Nationwide, according a report from Children Uniting Nations, as of 2014 463,000 American children live in foster care. California has a larger number of children in the system than any other state based on a 2009 AFCARS report.
Generally at age 18 these young adults are considered “emancipated” and “age out” of the foster care system. According to an article by John Kelly Editor-In-Chief of the Chronicle For Social Change and the Alliance for Children’s Rights, the number of young adults in California staying in the system for extended foster care up to age 21 has more than doubled since 2012 from 2,000 to over 5,000. The fact is whether at age 18 or 21 these young adults exit the system and then what?
The answers are in the data from WELIFTLA and Alliance for Children’s Rights .
· The stats for those exiting without any sort of housing have varied from 30 – 65% depending on the year
· 50% of those aging out in Los Angeles County don’t graduate high school (1)
· Nationally 99% will not successfully complete college. In California this stat though still abysmal is a tiny bit better with a shameful 3% exiting the system completing college (1 )
· 70% of those incarcerated in California are former foster care youth
· 36% of those “aged out” are homeless within 18 months
· 40% are receiving public assistance within 2 years
· 50% of all female former foster care youth become pregnant by age 19
The elephant in the room? There is a glaring lack of mentoring, guidance and opportunities to learn by example, which these youth have never had. These are missing building blocks for the skills and attributes for successful transition to positive and productive adulthood and life skills for self-sufficiency.
The goal of WELIFTLA is to make a difference by filling in some of these missing building blocks. Joyce Harmon the organization’s CEO and Founder spent years as a successful executive in the textile industry. She’d begun questioning what she really wanted her life to be about. She felt an undeniable desire to do something meaningful for others. In 2006 she founded The Work Of Angels while still working fulltime. It was a work in progress with an initial direction to do something to help youth.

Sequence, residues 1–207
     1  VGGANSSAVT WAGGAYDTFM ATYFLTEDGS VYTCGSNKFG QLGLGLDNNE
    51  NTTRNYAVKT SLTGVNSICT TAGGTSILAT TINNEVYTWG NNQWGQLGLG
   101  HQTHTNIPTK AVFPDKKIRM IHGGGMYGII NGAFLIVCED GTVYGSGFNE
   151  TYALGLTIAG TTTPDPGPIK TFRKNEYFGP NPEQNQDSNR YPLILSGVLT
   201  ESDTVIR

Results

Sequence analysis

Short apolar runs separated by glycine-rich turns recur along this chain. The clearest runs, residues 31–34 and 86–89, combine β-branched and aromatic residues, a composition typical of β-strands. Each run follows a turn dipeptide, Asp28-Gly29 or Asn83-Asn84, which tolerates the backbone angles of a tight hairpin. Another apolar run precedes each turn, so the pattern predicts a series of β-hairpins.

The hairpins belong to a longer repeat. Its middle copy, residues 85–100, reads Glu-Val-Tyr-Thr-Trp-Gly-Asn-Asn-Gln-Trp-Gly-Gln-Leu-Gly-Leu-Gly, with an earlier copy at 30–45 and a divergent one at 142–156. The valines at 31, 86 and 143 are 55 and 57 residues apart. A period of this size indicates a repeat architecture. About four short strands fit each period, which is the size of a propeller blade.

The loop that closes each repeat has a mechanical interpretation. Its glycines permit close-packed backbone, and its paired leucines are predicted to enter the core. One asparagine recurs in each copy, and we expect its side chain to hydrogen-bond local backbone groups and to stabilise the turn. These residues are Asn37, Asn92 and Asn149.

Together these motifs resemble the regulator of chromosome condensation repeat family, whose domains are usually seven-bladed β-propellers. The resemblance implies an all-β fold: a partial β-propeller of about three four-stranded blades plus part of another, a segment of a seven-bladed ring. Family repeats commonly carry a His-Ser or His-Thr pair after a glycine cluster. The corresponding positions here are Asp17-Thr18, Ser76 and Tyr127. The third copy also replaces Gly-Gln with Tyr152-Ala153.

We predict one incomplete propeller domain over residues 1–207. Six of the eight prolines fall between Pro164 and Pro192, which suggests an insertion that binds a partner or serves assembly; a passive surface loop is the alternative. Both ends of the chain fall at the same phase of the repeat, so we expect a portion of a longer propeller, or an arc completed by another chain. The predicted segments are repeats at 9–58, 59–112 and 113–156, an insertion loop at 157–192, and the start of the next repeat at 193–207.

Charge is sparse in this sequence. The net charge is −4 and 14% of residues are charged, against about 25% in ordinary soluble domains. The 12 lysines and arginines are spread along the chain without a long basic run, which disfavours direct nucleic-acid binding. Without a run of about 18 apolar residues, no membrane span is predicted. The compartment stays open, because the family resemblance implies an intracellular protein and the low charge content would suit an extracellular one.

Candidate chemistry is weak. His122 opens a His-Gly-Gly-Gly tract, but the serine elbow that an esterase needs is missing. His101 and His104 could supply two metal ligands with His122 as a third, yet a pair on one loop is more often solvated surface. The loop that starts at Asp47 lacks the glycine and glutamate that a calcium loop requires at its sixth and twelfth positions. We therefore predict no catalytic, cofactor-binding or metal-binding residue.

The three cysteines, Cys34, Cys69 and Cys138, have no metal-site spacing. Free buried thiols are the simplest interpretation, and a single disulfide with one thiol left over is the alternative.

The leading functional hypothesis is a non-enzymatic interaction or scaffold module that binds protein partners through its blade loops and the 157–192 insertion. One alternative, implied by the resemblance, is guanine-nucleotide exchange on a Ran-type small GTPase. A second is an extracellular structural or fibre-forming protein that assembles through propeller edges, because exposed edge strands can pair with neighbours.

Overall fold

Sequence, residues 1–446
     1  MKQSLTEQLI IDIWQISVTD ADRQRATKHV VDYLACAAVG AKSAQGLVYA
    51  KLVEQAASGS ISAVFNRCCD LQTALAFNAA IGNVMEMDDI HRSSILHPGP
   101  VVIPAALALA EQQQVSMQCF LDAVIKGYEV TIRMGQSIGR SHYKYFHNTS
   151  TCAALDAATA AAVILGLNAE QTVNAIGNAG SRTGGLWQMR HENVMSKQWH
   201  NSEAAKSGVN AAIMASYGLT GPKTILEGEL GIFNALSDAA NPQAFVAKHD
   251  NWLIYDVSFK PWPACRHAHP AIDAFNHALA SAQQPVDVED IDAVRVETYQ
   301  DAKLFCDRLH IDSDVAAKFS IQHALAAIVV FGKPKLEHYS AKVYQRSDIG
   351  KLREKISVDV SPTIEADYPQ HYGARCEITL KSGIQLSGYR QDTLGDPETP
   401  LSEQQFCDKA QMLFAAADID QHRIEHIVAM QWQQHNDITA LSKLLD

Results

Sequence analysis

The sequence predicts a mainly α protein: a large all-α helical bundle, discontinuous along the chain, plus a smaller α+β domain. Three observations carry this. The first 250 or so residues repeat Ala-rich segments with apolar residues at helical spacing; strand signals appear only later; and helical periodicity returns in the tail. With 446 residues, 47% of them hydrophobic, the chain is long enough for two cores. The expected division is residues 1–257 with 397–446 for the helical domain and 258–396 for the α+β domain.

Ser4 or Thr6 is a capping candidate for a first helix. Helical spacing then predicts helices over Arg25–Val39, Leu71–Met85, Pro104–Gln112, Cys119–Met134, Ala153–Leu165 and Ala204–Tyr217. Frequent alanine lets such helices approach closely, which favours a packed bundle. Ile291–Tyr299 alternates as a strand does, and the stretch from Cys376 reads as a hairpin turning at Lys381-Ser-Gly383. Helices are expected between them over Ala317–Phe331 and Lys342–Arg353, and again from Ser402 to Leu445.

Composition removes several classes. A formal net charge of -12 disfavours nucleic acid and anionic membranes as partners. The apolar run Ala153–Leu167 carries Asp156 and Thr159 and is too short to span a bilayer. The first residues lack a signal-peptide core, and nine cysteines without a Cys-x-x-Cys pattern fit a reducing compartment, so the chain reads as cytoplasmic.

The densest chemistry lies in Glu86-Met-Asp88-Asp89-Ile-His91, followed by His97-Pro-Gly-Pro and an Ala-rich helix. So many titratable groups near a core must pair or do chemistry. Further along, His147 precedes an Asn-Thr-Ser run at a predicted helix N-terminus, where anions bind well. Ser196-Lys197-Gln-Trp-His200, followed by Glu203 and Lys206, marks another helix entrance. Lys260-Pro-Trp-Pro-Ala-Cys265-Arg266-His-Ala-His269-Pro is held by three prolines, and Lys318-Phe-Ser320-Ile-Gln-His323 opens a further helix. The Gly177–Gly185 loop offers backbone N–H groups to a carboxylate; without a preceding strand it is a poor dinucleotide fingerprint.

It all came together in 2009 while watching a Lifetime Television movie called “America.” The film was produced by Rosie O’Donnell and she starred as a psychiatrist treating a biracial 17-year old boy named America who had experienced a difficult life of foster care and sexual abuse. According to Joyce, “I was struck by these kids that were falling through the cracks.” Then and there it became her life’s mission to do something about it. And WELIFTLA was born.
The organization partners with independent living group homes including Penny Lane, Women’s Care Cottage and Pacific Lodge Youth Services. Using the services of volunteers WELIFTLA provides mentorship, parenting, career and financial planning workshops as well as academic counseling and anger management programs.
The organization recently began working with California State University’s Resilient Scholars Program and acquired a home that will provide campus housing and in-home support for five CSUN students who are former foster care youth.
In addition volunteer services and general donation needs to provide program support and materials the organization currently has a special fundraising matching gift initiative to help with renovation and other needs of their new CSUN WELIFTLA House. For every dollar donated up to $10,000 for the house two loyal supporters have committed to a dollar for dollar match doubling the impact of your contribution.
To learn how you can get involved and to make a donation visit http://www.weliftla.org